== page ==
# Albert Einstein's Theory of Relativity is born and formulates famous equation E=mc^2

His 1905 paper on the electrodynamics of moving bodies introduced his theory of special relativity, which showed that the observed independence of the speed of light on the observer’s state of motion required fundamental changes to the notion of simultaneity. Consequences of this include the time-space frame of a moving body slowing down and contracting (in the direction of motion) relative to the frame of the observer. This paper also argued that the idea of a luminiferous aether – one of the leading theoretical entities in physics at the time – was superfluous. In his paper on mass–energy equivalence, which had previously considered to be distinct concepts, Einstein deduced from his equations of special relativity what has been called the twentieth century’s best-known equation: E = mc2. This equation suggests that tiny amounts of mass could be converted into huge amounts of energy and presaged the development of nuclear power. Einstein’s 1905 work on relativity remained controversial for many years, but was accepted by leading physicists, starting with Max Planck.

The Theory of Relativity, proposed by the Jewish physicist Albert Einstein (1879-1955) in the early part of the 20th century, is one of the most significant scientific advances of our time. Although the concept of relativity was not introduced by Einstein, his major contribution was the recognition that the speed of light in a vacuum is constant and an absolute physical boundary for motion. This does not have a major impact on a person's day-to-day life since we travel at speeds much slower than light speed. For objects travelling near light speed, however, the theory of relativity states that objects will move slower and shorten in length from the point of view of an observer on Earth. Einstein also derived the famous equation, E = mc2, which reveals the equivalence of mass and energy.

When Einstein applied his theory to gravitational fields, he derived the "curved space-time continuum" which depicts the dimensions of space and time as a two-dimensional surface where massive objects create valleys and dips in the surface. This aspect of relativity explained the phenomena of light bending around the sun, predicted black holes as well as the Cosmic Microwave Background Radiation (CMB) -- a discovery rendering fundamental anomalies in the classic Steady-State hypothesis. For his work on relativity, the photoelectric effect and blackbody radiation, Einstein received the Nobel Prize in 1921.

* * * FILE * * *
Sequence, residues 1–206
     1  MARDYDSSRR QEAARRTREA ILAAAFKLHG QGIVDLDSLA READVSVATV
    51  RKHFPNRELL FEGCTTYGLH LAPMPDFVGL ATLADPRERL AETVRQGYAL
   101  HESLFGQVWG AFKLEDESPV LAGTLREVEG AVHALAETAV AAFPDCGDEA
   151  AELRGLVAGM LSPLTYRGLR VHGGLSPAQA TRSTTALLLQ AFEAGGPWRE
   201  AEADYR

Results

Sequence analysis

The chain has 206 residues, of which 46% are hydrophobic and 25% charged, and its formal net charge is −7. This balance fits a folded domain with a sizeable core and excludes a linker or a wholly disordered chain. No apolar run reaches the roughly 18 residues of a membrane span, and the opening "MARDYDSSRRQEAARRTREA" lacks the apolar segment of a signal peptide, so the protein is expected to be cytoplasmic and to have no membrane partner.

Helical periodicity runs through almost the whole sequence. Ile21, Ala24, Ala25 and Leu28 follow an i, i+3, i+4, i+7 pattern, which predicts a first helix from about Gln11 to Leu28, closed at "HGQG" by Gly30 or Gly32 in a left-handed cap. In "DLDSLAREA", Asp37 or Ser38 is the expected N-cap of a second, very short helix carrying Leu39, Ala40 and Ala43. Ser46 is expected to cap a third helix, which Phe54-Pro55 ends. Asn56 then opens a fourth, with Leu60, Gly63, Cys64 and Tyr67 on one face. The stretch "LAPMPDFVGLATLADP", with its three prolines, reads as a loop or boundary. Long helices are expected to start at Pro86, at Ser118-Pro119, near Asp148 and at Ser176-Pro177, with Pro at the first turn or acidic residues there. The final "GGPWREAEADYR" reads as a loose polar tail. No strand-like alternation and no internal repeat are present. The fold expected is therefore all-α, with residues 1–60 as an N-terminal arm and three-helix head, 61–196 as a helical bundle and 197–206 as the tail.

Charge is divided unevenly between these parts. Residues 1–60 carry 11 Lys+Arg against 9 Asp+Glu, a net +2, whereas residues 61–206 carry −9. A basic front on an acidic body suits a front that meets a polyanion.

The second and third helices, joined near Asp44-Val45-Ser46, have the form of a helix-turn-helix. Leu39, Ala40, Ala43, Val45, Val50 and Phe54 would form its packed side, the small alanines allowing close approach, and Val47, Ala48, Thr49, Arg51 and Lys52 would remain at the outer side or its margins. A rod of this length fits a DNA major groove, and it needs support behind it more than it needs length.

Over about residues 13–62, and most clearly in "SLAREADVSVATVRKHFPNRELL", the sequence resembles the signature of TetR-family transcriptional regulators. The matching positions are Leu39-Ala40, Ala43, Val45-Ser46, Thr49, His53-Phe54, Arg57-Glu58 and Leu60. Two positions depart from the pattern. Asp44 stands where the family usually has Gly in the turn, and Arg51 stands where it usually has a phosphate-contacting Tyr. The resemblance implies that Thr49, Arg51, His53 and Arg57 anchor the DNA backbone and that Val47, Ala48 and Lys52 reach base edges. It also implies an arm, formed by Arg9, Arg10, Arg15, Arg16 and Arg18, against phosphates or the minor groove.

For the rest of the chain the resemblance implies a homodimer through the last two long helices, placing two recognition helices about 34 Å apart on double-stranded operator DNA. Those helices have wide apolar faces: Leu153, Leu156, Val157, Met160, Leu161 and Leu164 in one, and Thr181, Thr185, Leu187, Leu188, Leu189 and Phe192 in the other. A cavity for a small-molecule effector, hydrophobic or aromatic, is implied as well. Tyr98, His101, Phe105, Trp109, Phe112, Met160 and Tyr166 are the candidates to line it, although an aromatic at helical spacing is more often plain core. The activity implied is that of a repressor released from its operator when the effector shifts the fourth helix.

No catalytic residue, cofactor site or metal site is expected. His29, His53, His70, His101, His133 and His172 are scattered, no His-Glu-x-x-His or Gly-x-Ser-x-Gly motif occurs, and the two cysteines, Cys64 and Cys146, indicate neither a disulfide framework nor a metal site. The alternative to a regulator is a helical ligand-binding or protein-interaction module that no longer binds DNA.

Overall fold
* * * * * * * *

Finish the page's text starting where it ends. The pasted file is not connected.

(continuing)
Theory of Relativity – The Basics
Physicists usually dichotomize the Theory of Relativity into two parts.

The first is the Special Theory of Relativity, which essentially deals with the question of whether rest and motion are relative or absolute, and with the consequences of Einstein’s conjecture that they are relative.

The second is the General Theory of Relativity, which primarily applies to particles as they accelerate, particularly due to gravitation, and acts as a radical revision of Newton’s theory, predicting important new results for fast-moving and/or very massive bodies. The General Theory of Relativity correctly reproduces all validated predictions of Newton’s theory, but expands on our understanding of some of the key principles. Newtonian physics had previously hypothesised that gravity operated through empty space, but the theory lacked explanatory power as far as how the distance and mass of a given object could be transmitted through space. General relativity irons out this paradox, for it shows that objects continue to move in a straight line in space-time, but we observe the motion as acceleration because of the curved nature of space-time.

Einstein was one of the fathers of the atomic age. He was one of the greatest scientists of all time. In 1905 Einstein contributed three papers to Annalen der Physik (Annals of Physics), a German scientific periodical. Each of them became the basis of a new branch of physics.

Einstein treated matter and energy as exchangeable. Albert Einstein became famous for the theory of relativity, which laid the basis for the release of atomic energy.

In 1905 Albert Einstein formulates Special Theory of Relativity.

He established law of mass- energy equivalence; through his famous formula E=mc²

Einstein calculates how the movement of molecules in a liquid can cause the Brownian motion.

Using Max Planck’s quantum Theory he formulated the photon theory of light and explains the photoelectric effect.

In 1916 proposes general theory of relativity-still central to our understanding of the universe. Einstein changed the political balance of power in the twentieth century, through his scientific foundation in the development of atomic energy.

E=mc²

The Theory of Relativity

In his 1905 paper, titled “The Electrodynamics of Moving Bodies,” Einstein presented the special theory of relatively. In this paper, he showed how the theory demonstrated the relativity of time, a previously unimaginable idea.

He advanced the theory of relativity when he was only 26 years old. Einstein’s relativity theory revolutionized scientific thought with new conceptions of time, space, mass, motion, and gravitation.

His famous equation E=mc² (energy equals mass times the velocity of light squared), became the foundation stone in the development of atomic energy.

Einstein’s Theory of Relativity

The theory of relatively is founded on the idea that only relative motion can be measured. The consequences of this notion are profound, and shatter the Newtonian conception of the world. Both space and time are no longer absolutes.